Eye For Film >> Movies >> 300 (2006) Film Review
Reviewed by: Chris
God and Gods, Heroes, Legends, Fables, Mentors - even Movie Stars. Figures we look up to, ones that inspire us. External, made in our own image, or just something we latch onto. Real, make-believe; true, glamorised; each of us finds characters to enthuse us or with whom we can identify. A way to escape from ourselves for a moment, then maybe become a bit more like them. Opera can make the mundane glorious; fairy-tales unfold lessons of morality to children. With comic-book heroes, we explore broad brush-stroke ideas of heroism and romance. Throughout its history, cinema has been used to raise morale or even for politics. Comic-book adaptations span genres and include Batman, stories examining existentialism (Ghost World), and ones that reinvent neo-noir (Sin City).
Based on a comic based on a film based on ancient history, 300 explodes on our screens with stark adult images of bare-chested warriors and overtly sexual Oracles. It carries us into a world of fantasy, but with intense bloody violence, like a Tarantino movie. It is the story of 300 heroic and highly trained warriors. They pitch themselves against an army numbering one million. If they die, they won't die in vain. They will inspire. They will stand for liberty. They will be a catalyst for ultimate victory. They will herald a far-reaching moral order.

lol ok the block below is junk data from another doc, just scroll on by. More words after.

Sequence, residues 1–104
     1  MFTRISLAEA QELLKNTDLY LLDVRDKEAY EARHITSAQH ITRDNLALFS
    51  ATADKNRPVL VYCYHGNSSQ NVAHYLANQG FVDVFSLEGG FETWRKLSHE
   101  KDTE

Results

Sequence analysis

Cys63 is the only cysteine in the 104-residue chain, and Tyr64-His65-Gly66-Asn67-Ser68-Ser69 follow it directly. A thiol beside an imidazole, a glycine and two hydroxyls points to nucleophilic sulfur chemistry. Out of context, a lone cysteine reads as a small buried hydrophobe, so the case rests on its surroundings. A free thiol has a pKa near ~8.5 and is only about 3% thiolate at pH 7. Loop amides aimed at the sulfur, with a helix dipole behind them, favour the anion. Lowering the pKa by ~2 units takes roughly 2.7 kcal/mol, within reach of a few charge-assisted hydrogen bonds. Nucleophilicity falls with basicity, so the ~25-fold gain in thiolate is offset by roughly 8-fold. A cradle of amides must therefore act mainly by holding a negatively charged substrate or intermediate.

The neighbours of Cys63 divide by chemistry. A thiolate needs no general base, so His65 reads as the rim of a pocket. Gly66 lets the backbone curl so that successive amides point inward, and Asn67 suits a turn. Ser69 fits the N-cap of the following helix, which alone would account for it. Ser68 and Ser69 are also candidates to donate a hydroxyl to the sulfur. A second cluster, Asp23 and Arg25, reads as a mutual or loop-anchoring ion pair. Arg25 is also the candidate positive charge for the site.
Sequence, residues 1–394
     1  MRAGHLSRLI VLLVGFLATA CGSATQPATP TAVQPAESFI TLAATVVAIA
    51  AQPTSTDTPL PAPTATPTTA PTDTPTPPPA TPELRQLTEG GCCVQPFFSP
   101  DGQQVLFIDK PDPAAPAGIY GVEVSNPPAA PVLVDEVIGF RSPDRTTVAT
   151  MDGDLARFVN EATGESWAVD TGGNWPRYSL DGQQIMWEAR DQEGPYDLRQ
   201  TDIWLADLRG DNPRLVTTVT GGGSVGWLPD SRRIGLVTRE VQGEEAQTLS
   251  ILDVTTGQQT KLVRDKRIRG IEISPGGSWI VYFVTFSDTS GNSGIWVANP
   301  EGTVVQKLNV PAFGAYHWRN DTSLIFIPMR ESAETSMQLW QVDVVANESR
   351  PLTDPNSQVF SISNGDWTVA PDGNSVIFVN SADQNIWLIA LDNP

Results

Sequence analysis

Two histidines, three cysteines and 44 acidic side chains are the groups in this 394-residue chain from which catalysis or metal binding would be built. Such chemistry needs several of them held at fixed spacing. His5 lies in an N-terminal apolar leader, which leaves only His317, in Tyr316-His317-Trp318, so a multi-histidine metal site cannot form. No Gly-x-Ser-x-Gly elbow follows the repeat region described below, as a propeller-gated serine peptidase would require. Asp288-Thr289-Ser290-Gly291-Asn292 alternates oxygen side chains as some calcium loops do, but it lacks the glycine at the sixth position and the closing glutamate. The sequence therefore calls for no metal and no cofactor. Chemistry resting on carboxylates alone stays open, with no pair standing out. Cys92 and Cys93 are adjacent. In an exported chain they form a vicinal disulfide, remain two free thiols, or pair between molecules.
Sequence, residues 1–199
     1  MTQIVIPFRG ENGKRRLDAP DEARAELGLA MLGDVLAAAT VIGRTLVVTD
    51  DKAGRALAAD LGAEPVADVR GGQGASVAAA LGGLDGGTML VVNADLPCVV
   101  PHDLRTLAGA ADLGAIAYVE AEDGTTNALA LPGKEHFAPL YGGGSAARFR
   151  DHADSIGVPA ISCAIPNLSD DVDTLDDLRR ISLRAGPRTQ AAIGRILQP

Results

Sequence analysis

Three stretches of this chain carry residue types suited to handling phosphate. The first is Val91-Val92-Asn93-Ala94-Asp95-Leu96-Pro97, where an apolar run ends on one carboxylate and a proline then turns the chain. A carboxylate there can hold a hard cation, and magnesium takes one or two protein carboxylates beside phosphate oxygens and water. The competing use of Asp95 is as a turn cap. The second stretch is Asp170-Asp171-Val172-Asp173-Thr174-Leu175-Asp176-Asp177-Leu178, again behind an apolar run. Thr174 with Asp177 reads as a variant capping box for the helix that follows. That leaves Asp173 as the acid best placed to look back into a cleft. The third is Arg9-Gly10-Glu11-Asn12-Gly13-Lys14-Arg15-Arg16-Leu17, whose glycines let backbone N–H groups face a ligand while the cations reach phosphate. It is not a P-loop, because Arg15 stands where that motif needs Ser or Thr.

King Leonidas of Ancient Sparta receives an emissary from the Persian Empire. Earth and Water, if you please, says the emissary, else we'll kick your sorry ass to a kingdom you don't wanna know about. Leonidas responds quickly to this bit of diplomacy. He kicks said emissary and entourage down a dirty great pit.
Before the King can whop these aliens from Asia for being so damn cheeky, he's legally bound to ask advice of the Oracle, a beautiful, writhing, naked young blossom who is letched over by particularly ugly and deformed mystics called Ephors (think Orcs with sex drives). Xerxes, the Persian ruler who wants to attack Sparta, knows full well the Oracle will tell Leonidas to back off (as there's a religious festival due), which she does. Guessing the cunning plan, but unable to go directly against the Holy Ephors, Leonidas just "goes for a walk" - together with a personal bodyguard of 300 crack soldiers.
Leonidas' wife, gorgeous Queen Gorgo, is left behind. Although women can open their mouths at formal events (not like those heathen Persians), she's still regarded as second class by the all-male politicians. Gorgo shows she's a Sparta woman through and through. Brave, intelligent, willing to sacrifice herself as forcefully as any male warrior, she gets to give a speech that would out-Maggie Mrs Thatcher. And, unlike many women leaders, she's sexy and feminine to boot.
Leonidas' men, helped by some woosy Athenians, acquit themselves in a manner that would put the CGIs to shame if they weren't so awesome. Like Mel Gibson in Braveheart, he has learnt to shout words like 'freedom' and 'democracy' until the men go into a hypnotic rage of murderous joy. And he has his wife to thank for it. It was her advice that got his mind off that 18-year old slut in the temple.
Phrases like, "A new age has come, an age of freedom!" echo through the movie. "We rescue a world from mysticism and tyranny." But although historians are already arguing over the factual accuracy or lack of it, it seems palpable that much was invented or changed to make the story, visuals, and moral imperatives 'more cool' than they were in ancient times. It is so obviously intended as a work of fiction that the shred of historicity seems a mere device to assist suspension of disbelief.